NOS or used, it must be inspected and cleaned to remove and prevent corrosion.
Rusting cases will only get worse. Flaking paint will lead to rusting cases. Even nickel plated clocks require the
proper environment to be preserved. Take a look and see how rare an untarnished nickel plated clock is. Typically
they are brassing, corroding and pitting away. Some to the point that no distinguishable markings of the maker
can be found.
Preserving the nickel or brass plating on a case is another issue. Basically there are three differing opinions. Of
course the obvious is to leave the case as is regardless of how bad it is and how much is lost due to the normal
process of metal trying to return to its original state. The other two opinions are to restore the plating. One group
would like to see a complete make over and restoration; removing all evidence of use and wear. The others want
to preserve the normal dings and characters of the case and want the nickel to be simply restored to a highly
polished state. I definitely believe in preserving a nickel case. If it is pitted and flaking, it will only get worse and
should be properly prepared and re-plated.
The important thing to me is preserving a clock so that it will be around 20, 30 or even 50 years from now. Again, I
leave it to the customer. My preference is to keep it original if it does not detract from the aesthetic value. I love
the look of a mint untouched clock, especially one that is well preserved. But, being rare, the next best thing is to
restore one. Poorly reproduced dials and badly prepared painted cases drive me nuts. I get about one email each
week inquiring into what types of paints and what efforts I take to prepare a case. Some are interested in how I
reproduce the dials, what process I use to repaint the numbers and hands. The demand for these services will
only increase and only a handful can produce the results I can be satisfied with.
There are several sellers that have a tendency to mix and match clock parts. Easily understandable since they are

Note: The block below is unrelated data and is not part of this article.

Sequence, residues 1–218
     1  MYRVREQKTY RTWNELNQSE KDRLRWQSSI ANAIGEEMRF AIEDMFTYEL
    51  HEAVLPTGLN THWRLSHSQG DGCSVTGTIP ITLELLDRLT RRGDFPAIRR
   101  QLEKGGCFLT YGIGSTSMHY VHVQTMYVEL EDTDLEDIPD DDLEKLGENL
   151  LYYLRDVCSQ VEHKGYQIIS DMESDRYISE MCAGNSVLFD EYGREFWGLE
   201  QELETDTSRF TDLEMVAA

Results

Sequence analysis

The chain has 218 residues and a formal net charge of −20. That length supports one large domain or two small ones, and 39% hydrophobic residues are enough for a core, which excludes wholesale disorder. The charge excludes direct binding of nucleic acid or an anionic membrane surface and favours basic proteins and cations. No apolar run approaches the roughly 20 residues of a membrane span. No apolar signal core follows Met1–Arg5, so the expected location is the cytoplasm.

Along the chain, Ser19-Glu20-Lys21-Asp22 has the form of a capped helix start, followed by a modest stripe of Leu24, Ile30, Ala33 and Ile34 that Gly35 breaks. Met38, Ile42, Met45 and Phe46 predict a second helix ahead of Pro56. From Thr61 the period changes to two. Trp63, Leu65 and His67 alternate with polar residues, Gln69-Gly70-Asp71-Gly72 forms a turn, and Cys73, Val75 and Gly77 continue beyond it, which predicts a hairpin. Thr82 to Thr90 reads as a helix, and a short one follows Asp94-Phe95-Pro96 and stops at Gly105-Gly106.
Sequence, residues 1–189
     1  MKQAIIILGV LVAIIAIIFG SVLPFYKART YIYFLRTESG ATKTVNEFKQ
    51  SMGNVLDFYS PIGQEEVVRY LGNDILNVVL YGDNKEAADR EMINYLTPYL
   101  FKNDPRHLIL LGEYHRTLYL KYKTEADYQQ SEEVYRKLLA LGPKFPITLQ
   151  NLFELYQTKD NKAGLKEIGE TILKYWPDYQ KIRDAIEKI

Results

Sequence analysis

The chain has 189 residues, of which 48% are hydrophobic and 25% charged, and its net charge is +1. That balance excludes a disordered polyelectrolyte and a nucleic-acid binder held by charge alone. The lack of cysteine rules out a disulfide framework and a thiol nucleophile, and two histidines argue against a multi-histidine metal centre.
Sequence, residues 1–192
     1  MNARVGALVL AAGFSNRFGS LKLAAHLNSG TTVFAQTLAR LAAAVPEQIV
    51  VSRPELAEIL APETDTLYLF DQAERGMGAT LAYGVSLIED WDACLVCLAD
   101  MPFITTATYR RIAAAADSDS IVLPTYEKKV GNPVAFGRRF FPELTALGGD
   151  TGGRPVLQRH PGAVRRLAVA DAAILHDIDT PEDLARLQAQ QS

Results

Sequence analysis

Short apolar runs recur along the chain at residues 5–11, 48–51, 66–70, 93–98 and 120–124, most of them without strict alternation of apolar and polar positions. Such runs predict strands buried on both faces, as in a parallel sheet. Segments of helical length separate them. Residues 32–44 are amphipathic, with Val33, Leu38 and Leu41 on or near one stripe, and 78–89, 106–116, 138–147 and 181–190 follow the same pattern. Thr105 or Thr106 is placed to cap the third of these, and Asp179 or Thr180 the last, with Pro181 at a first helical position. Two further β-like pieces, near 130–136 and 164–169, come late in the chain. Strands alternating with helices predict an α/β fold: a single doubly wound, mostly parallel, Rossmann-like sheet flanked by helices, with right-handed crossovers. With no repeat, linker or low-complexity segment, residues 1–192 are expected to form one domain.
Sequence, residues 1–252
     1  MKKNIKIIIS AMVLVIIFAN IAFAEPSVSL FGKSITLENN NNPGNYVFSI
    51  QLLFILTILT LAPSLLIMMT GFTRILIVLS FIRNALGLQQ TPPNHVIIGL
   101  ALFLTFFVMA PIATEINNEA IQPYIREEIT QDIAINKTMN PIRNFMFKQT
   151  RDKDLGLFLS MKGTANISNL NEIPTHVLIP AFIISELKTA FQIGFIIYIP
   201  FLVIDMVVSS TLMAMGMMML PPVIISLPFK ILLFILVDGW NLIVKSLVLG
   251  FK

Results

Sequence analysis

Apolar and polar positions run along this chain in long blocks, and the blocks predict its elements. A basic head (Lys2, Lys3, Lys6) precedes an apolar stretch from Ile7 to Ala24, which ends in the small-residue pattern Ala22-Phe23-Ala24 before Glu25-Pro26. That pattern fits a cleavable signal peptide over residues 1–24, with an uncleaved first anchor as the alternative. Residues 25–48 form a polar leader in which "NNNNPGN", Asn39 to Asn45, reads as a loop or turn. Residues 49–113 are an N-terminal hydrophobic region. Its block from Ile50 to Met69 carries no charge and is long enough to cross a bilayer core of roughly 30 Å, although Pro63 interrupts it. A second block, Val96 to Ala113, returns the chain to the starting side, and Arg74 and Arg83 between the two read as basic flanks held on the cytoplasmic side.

not making these parts anymore. Not a bad thing, but from differing eras and models; dials and hands that were
never together. Even worse, there are quite a few fake and modified dials. Some so called war clocks that were
made well before and after the original ones were manufactured. A lot of Black Americana Dials are listed for sale
and all are fake. The clocks lose their originality and many uneducated clock buyers buy these up; sometimes
paying way too much for these clocks. The best thing for a buyer is to educate themselves by reading reference
books on what you are collecting. You can also search the web and find sites that contain like minded collectors
with plenty of advice and knowledge. Nothing is better than a good knowledgeable background; so go and read
and mingle with other clock collectors.
|Differing Levels of Restoration
Terms such as cleaned, cleaned and oiled, refurbished, cleaned and lube, serviced, restored, etc.
The degree of how well a clock has been cleaned is described in so many ways and each person's definition
differs. Important questions should be asked. How was the item cleaned? Was the case part of the cleaning
process? How long was the movement tested? Does it keep time? What repairs were made and what parts have
been replaced? Do you warranty your work and how long? Were there any date markings, marks and what were
they? All very important questions and all will help detail how thorough a clockmaker/seller was when they
refurbished or restored the clock. Again, the final price will give you the estimated time the clock was worked on.
Typically, a Westclox movement has a date stamp and it is very rare that they don't. Persons claiming to have